|Naval history of Great Britain
||Phœnix and Didon
French pilot seized and carried aft, as the ringleader of the mutiny, the late cockswain of Captain Milius, and who had been in a similar capacity under Captain Jerome Buonaparte. Captain Milius behaved upon the occasion in the noblest manner. He inquired of the man if he had any complaints to allege. The fellow said he had not. " I know it, " said Captain Milius " for I have, every morning and night, a report that assures me of the good treatment of you all : were it otherwise, I myself would head you in the attempt to obtain redress. As it is, you are a disgrace to the name of Frenchmen ; and, " turning to Captain Baker, " I beseech you, sir, put him in irons. " Captain Baker expressing a disinclination to resort to so harsh a measure, Captain Milius urged him more forcibly to do as he requested ; and Jerome's cockswain was accordingly committed, for a short time, to the custody of the master at arms. After this firebrand had been removed, quietness, and even cheerfulness, reigned among the prisoners ; and the two frigates, having by standing well to the westward got a fair wind, anchored on the 3d of September in Plymouth Sound.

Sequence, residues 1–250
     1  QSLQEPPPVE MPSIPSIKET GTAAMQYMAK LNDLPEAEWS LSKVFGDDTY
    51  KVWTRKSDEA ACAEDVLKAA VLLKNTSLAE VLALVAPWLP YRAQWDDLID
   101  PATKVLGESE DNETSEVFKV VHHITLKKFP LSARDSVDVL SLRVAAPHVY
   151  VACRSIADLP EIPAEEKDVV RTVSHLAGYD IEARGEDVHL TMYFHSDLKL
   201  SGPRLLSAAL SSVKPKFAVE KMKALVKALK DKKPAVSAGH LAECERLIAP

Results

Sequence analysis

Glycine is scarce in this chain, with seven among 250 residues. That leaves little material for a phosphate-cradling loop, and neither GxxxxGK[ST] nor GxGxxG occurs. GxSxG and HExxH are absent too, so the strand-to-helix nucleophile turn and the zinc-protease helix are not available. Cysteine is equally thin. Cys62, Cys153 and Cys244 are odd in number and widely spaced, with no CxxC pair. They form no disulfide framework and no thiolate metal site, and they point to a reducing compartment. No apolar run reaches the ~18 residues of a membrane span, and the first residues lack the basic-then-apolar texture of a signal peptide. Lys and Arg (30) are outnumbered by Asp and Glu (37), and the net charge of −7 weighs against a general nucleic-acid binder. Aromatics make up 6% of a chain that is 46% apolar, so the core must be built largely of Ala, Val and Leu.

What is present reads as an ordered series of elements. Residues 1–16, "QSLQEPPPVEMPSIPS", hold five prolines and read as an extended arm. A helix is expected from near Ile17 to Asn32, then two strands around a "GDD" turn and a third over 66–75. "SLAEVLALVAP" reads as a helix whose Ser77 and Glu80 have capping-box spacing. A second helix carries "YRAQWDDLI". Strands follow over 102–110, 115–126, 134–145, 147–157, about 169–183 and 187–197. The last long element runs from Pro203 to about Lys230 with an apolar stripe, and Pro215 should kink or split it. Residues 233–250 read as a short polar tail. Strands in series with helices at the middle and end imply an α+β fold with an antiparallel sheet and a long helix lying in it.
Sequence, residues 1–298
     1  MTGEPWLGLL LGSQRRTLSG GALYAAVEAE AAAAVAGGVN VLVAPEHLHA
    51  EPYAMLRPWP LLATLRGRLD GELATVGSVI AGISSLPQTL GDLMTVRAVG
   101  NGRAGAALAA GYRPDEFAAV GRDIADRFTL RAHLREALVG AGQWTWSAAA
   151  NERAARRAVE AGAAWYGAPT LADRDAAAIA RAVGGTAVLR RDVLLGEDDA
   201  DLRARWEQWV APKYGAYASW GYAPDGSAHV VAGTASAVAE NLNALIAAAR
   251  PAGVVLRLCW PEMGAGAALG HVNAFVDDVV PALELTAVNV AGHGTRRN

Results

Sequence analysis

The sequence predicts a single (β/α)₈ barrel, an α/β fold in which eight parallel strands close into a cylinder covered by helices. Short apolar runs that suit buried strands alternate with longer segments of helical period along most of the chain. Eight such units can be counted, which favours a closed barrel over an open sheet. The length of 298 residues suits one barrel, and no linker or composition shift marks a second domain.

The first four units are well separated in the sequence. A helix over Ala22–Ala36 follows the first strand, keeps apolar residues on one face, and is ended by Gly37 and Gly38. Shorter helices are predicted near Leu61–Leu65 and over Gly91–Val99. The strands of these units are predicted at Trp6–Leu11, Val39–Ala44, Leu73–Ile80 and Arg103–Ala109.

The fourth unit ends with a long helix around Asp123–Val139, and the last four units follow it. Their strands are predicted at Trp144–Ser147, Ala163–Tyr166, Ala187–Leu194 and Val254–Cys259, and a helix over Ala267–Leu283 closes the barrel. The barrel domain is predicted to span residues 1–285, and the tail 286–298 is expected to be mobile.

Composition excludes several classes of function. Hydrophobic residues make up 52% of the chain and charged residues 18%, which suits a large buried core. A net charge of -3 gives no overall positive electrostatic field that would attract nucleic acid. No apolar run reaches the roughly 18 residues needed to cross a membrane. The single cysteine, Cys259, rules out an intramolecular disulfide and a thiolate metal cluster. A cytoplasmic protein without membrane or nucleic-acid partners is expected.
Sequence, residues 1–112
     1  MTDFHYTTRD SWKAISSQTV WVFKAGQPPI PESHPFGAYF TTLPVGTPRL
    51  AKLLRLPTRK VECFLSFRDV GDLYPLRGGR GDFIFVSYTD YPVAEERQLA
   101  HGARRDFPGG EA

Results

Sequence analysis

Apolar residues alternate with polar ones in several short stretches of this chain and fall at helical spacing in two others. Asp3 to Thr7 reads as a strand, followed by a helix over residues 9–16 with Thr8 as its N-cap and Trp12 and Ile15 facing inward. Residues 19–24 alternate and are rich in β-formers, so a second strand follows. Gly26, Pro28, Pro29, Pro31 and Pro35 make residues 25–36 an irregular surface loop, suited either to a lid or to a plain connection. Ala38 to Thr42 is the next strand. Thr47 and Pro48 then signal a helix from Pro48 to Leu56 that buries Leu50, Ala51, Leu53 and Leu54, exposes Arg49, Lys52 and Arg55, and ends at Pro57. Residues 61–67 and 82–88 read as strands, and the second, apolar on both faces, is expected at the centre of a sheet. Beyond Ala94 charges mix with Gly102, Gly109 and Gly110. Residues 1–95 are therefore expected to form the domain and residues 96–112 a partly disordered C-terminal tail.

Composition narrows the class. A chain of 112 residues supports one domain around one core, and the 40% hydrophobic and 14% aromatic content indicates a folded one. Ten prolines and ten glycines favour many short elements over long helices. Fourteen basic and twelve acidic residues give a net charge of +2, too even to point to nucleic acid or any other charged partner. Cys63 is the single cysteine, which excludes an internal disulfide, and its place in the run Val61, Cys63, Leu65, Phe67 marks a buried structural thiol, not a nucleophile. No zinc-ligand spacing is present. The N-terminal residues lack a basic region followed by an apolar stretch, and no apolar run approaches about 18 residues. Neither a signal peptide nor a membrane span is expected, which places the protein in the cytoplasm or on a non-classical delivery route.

Having thus brought his frigate and her prize safe to a British port, Captain Baker, it is natural to suppose, looked forward to the speedy acquisition of those honours which, in all similar cases, had been conferred upon the captain of the victorious ship. We trust that, by this time, our impartiality is so, well established, that any opinion we may submit respecting the merits of an action recorded in these pages, will be received as, the result of, at the least, an unbiassed judgment. Having premised this, we venture to pronounce the capture of the Didon by the Phœnix, considered in reference as well to the force, the skill, and the spirit, mutually opposed, as to the perseverance and good management of the conqueror in securing and bringing home his prize, to be one of the most brilliant and exemplary cases of the kind in the annals of the British navy.
Unfortunately for the captain of the Phœnix, Mr. Pitt resolved to grant no more ribands of the Bath to naval and military officers, meaning to reserve them for ministers abroad. Still more unfortunately for Captain Baker, that illustrious Statesman, before he could accomplish his intention of instituting new military order of merit, died. The early retirement of lord Barham from office (February 9,1806) must have been an additional misfortune to Captain Baker. Not less so, probably, was the successive appointment, within about five years, of five new first-lords of the admiralty : Lord Grey, Honourable Thomas Grenville, Lord Mulgrave, Right Honourable Charles Yorke, and Lord Melville. With each of whom it is customary, in reply to complaints such as the captain of the Phœnix might reasonably urge, to express regret that merit should have been overlooked by his predecessor, but to decline entering into any " retrospective view of the circumstances which may have guided
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